Home Fitness Pandemic Forces Big Changes In Fitness Industry

Pandemic Forces Big Changes In Fitness Industry

Philly Fitness Industry

On March 16th last year city of Philadelphia ordered all nonessential businesses to shut down. As the lock down hit, fitness studios found themselves in unfamiliar territory. Owners tried to hustle by renting out equipment to clients and introducing virtual classes, but this wasn’t enough to save most of them. Most of the studios in the Centre City business district have now been shut down permanently.

The lockdown affected not only business but also instructors and personal trainers as guys and fitness studios closed down. Many trainers were left to fend for themselves. Shannon Brennan, a former boxing coach at Rumble, said, “It was crushing to get laid off last April, but the pandemic gave me the opportunity to take a step back from studio life, which can be exhausting, and to create my own business, I worked so hard to give myself and my clients security for a year. Going back to teaching classes when gyms started to open would’ve meant dropping clients who were there for me when the studio and indoor classes weren’t.”

Many businesses were allowed to reopen when the city partially opened into the yellow phase in June of 2020, but gyms, fitness and yoga studios of all sizes were forced to remain closed. This led to Philadelphia Independent Training Facility Coalition Petition Governor Tom Wolf to allow small personal-training gyms and boutique fitness studios to open in limited numbers, but the request was denied. However, this led to Philadelphia COVID-19 Restaurant and Gym Relief Program, which granted up to $15,000 aid to independently owned fitness studios. While the program was a step in the right direction, it was also too little, too late as most had shut and moved on. “Unfortunately, it came at a time when so many businesses had already shut their doors, and while I’m not saying that this grant alone would have saved a business, I do believe some businesses would have been able to stay afloat if there had been grants available earlier on, like there were for other industries.” says BPM Fitness owner Shoshana Katz.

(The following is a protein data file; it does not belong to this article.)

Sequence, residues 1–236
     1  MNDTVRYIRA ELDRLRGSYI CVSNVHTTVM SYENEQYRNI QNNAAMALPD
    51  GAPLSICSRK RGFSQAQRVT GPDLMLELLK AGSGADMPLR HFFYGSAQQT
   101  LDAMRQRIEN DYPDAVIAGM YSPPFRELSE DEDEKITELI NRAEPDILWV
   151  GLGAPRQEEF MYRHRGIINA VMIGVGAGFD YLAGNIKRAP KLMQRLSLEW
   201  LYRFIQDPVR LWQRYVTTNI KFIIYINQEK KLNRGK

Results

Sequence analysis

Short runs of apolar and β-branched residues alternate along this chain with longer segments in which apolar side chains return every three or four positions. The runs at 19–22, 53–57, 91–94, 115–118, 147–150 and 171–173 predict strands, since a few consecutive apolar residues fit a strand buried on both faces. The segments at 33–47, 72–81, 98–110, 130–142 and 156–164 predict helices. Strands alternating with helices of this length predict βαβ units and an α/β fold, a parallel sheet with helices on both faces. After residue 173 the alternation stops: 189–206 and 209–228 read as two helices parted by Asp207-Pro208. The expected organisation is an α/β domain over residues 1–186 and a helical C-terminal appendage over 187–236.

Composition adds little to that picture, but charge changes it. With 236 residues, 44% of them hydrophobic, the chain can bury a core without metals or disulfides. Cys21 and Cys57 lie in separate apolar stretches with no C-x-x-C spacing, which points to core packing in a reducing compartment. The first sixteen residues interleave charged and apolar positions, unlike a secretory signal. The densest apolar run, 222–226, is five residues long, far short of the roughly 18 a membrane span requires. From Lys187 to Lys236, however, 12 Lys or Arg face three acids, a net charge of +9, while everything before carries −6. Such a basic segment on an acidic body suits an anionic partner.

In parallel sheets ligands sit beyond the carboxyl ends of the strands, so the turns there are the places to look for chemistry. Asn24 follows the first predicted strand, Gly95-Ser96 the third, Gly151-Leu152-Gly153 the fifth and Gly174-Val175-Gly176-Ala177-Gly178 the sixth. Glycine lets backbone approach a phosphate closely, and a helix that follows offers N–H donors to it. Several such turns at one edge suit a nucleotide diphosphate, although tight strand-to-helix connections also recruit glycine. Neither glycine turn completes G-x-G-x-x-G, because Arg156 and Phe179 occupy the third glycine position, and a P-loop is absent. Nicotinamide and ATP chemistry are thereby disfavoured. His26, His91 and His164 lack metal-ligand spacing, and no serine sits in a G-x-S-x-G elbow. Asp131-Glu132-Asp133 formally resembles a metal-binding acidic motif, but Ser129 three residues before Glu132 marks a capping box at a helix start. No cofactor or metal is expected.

Many fitness studio and gym owners have accepted concept of “collaboration over competition” to help one another survive. Post lockdown, Philadelphia fitness centres together hosted their grand return to workouts with Philly Fitness Week 10-day program, that offered discounted classes and packages. Despite all the promotion and offers, enrolments in fitness studios are still below 50% attendance when compared to pre-pandemic numbers. As the industry creeps back toward stability, McKay says “there’s a segment of the population that simply will not go to a studio at this time, and that’s beyond anyone’s control.”

As most studios struggle to open up, many trainers used this opportunity to create business of their own through online virtual classes and consultations. Shannon Brennan says “It was crushing to get laid off last April, but the pandemic gave me the opportunity to take a step back from studio life, which can be exhausting, and to create my own business, I worked so hard to give myself and my clients security for a year. Going back to [teaching] classes when gyms started to open would’ve meant dropping clients who were there for me when the studio and indoor classes weren’t.”

Michael bringing a sharp sense of humor and unchallenged sports andfitness knowledge to the desk. The California native is also an unabashed fan of her hometown teams, namely the the Los Angeles Lakers and Bruins of UCLA (where she also attended college). Email: [email protected]

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